The Chatterbox

Gossip & News (the word on the street)
December 14, 2017
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The main event: the extraordinary beef Wellington at Maybeck’s! Photo courtesy of Maybeck’s.

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A lineup of some of the Bruichladdich Scotches we’ll be tasting! Photo: © tablehopper.com.

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The private lounge space where we will be gathering at Maybeck’s. Photo courtesy of Maybeck’s.

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Got your attention there, didn’t I? Nothing says holiday feast like beef Wellington, and the version they make every Wednesday at ~MAYBECK’S~ is truly fantastico. Chef de cuisine Blake Askew (previously Petit Crenn) has mastered this terrific trinity of tenderloin, mushroom duxelles, and puff pastry, and let’s not overlook the charred shallot jus it comes with either! And creamed spinach. And at our event, a glass of Bruichladdich Octomore neat will also be paired with the Welly, the most heavily peated whisky in the world. It’s going to be a magic tasting moment, of that I am sure.

But I’m getting ahead of myself. Let’s back up for a second. In the past, I have thrown some really fun holiday dinners in the week between Christmas and New Year’s, and I’d love to do it again! Let’s keep the holiday spirits flowing! On Wednesday December 27th, 25 of us will be gathering for this special tablehopper and Bruichladdich holiday dinner at Maybeck’s in the Marina, featuring three courses of a festive, throwback menu thanks to our hosts, Erik Lowe and Aaron Toensing. The evening will start at 7pm, with the first course served at 7:30pm.

We’ll begin with a welcome cocktail and Welsh rarebit on toast, and then sit down for our first course: Star Route Farms salad of baby lettuces with Waldorf dressing (celery, apples, raisins, and candied walnuts, with a hint of orange in it)—and a Blood & Sand (made with Bruichladdich Port Charlotte)! You know all about the main event (beef Wellington and Octomore for the win!), and for dessert, we’ll have baked Alaska (chocolate cake and brandied cherry ice cream) with the perfect closing nightcap: the Rockefeller, with Bruichladdich 2010 Islay Barley (voted #9 Whisky of 2017 by Whisky Advocate!), Alessio Di Chinato, and allspice dram. Yay to all of this.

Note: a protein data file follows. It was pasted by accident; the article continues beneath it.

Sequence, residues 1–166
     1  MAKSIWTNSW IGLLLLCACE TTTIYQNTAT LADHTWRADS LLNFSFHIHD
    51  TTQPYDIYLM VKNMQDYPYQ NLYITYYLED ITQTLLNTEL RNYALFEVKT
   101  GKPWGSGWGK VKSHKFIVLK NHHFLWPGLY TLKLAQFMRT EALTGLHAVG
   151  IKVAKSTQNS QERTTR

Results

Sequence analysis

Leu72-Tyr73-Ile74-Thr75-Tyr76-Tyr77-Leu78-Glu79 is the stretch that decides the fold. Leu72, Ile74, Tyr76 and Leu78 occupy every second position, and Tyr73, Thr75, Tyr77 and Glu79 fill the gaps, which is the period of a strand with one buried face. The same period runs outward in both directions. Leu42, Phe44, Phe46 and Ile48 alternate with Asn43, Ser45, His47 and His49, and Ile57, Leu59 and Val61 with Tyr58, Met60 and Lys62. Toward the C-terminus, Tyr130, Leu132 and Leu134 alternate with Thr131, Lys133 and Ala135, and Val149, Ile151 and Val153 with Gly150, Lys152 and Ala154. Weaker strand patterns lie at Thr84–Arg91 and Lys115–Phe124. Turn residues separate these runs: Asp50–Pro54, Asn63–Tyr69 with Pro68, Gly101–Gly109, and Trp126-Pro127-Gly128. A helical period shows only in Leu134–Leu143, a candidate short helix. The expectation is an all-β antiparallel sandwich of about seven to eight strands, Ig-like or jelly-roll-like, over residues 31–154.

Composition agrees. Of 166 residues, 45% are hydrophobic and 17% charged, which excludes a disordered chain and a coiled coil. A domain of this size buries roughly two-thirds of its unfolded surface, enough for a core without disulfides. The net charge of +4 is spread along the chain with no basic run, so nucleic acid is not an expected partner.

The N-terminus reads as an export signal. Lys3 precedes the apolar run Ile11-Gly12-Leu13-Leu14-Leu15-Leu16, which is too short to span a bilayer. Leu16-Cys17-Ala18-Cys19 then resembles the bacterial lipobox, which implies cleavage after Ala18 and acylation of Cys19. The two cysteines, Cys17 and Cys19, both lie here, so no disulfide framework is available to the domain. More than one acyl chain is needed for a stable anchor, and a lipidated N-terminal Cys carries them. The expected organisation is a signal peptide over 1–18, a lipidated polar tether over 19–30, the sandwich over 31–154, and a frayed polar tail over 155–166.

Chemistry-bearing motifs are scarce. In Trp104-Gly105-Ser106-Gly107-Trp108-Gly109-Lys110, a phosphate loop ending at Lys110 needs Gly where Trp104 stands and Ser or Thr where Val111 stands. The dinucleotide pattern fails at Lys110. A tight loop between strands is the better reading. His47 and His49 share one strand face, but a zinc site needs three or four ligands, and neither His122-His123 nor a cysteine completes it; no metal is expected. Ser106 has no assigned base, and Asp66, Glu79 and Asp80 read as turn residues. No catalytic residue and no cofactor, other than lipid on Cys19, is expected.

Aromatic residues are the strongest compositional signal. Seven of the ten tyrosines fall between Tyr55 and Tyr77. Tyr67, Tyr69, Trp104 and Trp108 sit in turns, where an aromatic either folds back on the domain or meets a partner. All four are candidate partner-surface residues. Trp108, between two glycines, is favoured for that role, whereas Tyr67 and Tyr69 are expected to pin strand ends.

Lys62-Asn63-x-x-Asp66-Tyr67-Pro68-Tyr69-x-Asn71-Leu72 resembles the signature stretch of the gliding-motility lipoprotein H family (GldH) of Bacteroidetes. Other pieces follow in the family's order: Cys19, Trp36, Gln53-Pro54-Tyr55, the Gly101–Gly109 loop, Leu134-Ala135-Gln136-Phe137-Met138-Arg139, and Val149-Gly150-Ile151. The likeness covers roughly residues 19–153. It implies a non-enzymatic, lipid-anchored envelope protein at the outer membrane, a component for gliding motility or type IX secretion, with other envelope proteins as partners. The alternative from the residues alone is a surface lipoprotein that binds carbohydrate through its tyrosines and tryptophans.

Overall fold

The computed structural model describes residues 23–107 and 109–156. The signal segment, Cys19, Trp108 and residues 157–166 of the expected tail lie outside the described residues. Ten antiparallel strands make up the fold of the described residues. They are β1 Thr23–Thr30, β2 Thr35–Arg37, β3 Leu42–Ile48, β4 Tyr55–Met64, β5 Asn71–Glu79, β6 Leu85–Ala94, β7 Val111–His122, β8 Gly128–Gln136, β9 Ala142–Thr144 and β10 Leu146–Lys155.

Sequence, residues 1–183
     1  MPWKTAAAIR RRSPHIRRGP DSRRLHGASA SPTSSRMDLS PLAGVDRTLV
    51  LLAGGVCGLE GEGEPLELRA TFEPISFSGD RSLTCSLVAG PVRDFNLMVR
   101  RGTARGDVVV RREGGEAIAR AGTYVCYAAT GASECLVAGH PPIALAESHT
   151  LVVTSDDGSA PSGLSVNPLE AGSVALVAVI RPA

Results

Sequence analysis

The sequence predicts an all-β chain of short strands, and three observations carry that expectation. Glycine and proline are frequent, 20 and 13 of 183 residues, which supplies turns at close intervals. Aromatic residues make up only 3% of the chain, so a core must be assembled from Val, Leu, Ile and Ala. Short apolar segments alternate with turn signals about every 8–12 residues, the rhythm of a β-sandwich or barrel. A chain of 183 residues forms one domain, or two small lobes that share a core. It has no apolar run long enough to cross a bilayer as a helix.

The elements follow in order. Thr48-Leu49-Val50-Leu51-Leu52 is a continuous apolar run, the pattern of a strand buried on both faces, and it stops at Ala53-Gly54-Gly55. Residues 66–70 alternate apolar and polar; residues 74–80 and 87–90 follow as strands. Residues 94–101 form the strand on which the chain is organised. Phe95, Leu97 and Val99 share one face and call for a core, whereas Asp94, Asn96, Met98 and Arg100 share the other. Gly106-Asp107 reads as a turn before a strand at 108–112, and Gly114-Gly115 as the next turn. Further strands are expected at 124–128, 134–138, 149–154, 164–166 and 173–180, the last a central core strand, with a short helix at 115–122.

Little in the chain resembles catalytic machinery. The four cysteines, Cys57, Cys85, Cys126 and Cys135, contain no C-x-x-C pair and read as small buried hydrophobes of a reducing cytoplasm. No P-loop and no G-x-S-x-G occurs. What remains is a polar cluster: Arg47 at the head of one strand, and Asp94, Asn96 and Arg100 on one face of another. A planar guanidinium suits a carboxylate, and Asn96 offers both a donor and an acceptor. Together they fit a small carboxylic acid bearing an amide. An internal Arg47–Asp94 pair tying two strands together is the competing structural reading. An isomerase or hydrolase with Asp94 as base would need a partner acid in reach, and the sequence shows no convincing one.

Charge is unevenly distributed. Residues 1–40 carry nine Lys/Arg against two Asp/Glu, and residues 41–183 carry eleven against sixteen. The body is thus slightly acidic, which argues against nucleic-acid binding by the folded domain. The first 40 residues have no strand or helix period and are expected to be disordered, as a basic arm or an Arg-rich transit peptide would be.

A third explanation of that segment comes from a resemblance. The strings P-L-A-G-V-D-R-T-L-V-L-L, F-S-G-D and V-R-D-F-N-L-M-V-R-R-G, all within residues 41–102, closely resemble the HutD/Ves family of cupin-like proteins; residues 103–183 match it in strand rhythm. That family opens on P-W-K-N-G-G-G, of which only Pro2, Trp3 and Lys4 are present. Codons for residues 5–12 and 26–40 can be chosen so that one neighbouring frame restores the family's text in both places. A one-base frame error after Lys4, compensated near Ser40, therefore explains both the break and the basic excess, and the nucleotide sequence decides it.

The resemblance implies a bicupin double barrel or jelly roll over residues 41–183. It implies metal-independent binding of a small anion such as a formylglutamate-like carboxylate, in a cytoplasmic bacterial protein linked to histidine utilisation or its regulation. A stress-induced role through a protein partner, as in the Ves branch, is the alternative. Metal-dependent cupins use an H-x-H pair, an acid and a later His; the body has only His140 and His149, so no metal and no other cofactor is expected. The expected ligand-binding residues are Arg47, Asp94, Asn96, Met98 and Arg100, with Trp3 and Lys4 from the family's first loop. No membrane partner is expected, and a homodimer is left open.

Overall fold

This classic meal will be served family-style (the preferred tablehopper way to dine!) and we will all be seated together in our own private lounge area at Maybeck’s. We’ll learn a bit about the history of the dishes, and Trent Simpson, the Western Regional Single Malt Whisk(e)y Ambassador for Bruichladdich and Westland Distilleries, will be educating us about the pairings (and offering some additional and special neat tastes throughout the night, hubba). We’re also going to be hosting a holiday raffle with some very nice prizes, and proceeds will go to the SF-Marin Food Bank. Cheers to that.

This holiday event is only $100 (including tax and tip, Happy Holidays to you from us!), and tickets will move quickly, so hop to it.

21 and over. And it goes without saying but I’ll say it anyway: please don’t drink and drive, especially tonight, thank you.

December 12, 2017
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The Carrara marble case at Noon All Day will have plenty to tempt you. All photos: © tablehopper.com.

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Cauliflower-potato fritters with fermented green tomato aioli.

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The long counter (made of Austrian oak).

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Your new dream breakfast treat: the Holy Mole (with housemade mole, Fontina cheese, and an egg inside).

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The meatball pocket sandwich (made with pizza dough and Piccino’s famed meatballls).

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The braised squash salad with sunflower seed brittle and Medjool dates.

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An array of desserts from Sarah Hipwell (including a really delicious cookie).

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The spacious outdoor patio at Noon All Day.

Earlier this year, I reported on the upcoming ~NOON ALL DAY~ project opening in Dogpatch from the Piccino team (owners Margherita Stewart Sagan and Sher Rogat and director of operations Kerry Glancy), and now it’s time to look around, because they are officially opening their doors on Monday December 18th (although they are soft open now)! (Fun fact: Piccino first opened on December 18th in 2006, so that’s pretty darn special.)